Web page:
The popular culture that found its way into the earliest of Mickey Mouse cartoons has often become lost and obscure to contemporary audiences. Such is certainly the case with the 1929 short The Opry House. When Mickey proceeds to entertain the crowd with a piano solo, he is sporting an extreme hair style that he proceeds to brush back in an exaggerated sweep of the hand. This was in fact, not a generic gag. In their book, The Hand Behind the Mouse, authors Leslie Iwerks and John Kenworthy confirm that Ub Iwerks was using Mickey to caricature the then quite famous pianist, composer and Polish politician Ignacy Paderewski.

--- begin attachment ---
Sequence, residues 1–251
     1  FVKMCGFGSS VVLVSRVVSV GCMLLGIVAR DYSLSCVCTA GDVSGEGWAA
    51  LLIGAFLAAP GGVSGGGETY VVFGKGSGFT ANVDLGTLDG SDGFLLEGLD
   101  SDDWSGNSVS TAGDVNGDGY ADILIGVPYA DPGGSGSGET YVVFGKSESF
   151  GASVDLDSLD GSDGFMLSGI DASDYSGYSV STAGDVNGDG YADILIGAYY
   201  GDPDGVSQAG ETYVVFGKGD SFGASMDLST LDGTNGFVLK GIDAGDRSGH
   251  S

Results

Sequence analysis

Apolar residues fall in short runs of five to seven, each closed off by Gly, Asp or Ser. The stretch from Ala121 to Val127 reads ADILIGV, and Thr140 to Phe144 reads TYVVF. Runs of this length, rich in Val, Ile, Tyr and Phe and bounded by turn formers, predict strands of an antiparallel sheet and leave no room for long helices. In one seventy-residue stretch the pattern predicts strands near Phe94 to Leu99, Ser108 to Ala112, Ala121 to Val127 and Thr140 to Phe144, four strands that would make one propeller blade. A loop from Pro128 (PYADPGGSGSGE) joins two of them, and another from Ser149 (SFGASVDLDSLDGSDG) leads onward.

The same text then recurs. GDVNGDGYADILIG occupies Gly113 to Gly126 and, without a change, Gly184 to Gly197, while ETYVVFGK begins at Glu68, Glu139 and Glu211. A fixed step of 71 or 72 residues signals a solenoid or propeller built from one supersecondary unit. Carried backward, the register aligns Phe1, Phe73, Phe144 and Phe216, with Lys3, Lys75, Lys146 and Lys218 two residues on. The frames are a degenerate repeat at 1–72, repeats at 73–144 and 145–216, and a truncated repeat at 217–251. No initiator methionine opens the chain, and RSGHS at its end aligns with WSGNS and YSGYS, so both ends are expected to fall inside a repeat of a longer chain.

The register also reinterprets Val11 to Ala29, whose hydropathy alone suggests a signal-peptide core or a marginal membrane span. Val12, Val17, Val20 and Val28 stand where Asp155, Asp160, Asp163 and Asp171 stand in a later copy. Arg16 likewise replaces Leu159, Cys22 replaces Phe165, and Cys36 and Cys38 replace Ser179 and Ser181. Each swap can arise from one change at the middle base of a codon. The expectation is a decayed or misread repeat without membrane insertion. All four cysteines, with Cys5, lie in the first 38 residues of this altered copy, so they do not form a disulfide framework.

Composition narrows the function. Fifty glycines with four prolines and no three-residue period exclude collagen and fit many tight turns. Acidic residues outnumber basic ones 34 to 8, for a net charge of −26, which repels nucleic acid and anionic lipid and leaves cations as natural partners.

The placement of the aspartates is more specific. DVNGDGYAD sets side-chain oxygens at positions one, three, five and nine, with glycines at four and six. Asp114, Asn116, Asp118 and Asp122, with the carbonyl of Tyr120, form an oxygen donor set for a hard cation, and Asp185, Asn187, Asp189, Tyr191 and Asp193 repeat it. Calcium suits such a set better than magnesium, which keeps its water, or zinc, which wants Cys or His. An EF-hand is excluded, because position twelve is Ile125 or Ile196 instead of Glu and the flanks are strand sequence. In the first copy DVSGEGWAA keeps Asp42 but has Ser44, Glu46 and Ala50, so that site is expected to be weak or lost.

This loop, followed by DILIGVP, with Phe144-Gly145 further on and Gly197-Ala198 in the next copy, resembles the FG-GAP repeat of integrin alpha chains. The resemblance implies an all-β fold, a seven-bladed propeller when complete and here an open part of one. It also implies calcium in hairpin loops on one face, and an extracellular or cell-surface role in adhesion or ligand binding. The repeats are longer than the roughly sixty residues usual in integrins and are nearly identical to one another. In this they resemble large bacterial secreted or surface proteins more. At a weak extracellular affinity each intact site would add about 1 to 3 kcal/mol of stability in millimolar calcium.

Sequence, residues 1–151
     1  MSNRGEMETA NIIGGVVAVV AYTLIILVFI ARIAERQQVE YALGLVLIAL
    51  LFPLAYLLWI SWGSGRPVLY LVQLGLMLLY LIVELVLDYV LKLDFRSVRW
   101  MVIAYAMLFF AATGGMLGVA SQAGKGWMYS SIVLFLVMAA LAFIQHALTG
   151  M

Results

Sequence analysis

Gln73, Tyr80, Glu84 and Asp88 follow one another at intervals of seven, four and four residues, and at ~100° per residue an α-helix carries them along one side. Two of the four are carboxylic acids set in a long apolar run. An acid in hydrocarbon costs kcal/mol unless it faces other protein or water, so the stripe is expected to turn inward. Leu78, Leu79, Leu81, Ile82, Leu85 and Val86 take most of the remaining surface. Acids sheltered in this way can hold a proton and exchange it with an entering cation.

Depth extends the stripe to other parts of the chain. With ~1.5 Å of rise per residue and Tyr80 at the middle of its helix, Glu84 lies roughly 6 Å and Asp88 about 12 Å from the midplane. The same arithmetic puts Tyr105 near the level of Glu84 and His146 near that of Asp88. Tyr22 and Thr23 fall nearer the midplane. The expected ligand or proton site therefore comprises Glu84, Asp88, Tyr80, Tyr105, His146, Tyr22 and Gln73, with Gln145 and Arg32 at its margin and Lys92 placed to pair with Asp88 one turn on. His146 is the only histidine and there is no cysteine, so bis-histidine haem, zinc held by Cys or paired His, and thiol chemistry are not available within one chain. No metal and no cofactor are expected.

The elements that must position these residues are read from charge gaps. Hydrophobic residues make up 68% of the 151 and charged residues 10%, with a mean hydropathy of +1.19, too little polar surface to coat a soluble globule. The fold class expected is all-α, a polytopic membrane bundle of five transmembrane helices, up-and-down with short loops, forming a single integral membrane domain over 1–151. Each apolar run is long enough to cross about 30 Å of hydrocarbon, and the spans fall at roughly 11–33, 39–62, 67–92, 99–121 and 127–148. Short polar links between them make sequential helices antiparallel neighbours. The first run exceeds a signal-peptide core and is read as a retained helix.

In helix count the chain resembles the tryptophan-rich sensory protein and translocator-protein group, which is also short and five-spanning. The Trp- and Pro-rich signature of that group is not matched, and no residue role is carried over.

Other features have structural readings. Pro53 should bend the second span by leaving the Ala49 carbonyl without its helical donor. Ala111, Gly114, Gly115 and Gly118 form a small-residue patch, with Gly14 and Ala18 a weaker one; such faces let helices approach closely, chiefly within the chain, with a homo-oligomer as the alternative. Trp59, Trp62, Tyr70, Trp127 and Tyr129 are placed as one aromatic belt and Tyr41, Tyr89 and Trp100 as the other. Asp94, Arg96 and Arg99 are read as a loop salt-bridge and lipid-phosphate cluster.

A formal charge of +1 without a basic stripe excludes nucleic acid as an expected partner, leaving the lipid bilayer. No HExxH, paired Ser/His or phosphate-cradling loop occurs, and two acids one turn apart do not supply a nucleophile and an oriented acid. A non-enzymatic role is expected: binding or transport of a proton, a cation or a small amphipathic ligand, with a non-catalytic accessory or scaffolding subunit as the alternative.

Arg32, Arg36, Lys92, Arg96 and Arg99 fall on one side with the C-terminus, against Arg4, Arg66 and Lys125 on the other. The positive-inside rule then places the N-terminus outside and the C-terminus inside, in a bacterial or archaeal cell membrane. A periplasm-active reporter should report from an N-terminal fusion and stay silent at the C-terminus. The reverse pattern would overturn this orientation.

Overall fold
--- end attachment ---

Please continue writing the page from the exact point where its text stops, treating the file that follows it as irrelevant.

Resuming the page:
Paderewski was world renown throughout much of the late 19th and early 20th centuries. He toured America extensively during the 1920s, and the reference was undoubtedly not lost on those viewing The Opry House during its 1929 release.
Though Minnie Mouse did not appear per se in The Opry House, she is represented on a poster for the Yankee Doodle Girls. This was a popular vaudeville act throughout the first few decades of the century. A young Charlie Chaplin enjoyed a brief romance with one Hetty Kelly, a member of a Yankee Doodle Girls song and dance troupe back during the summer of 1908.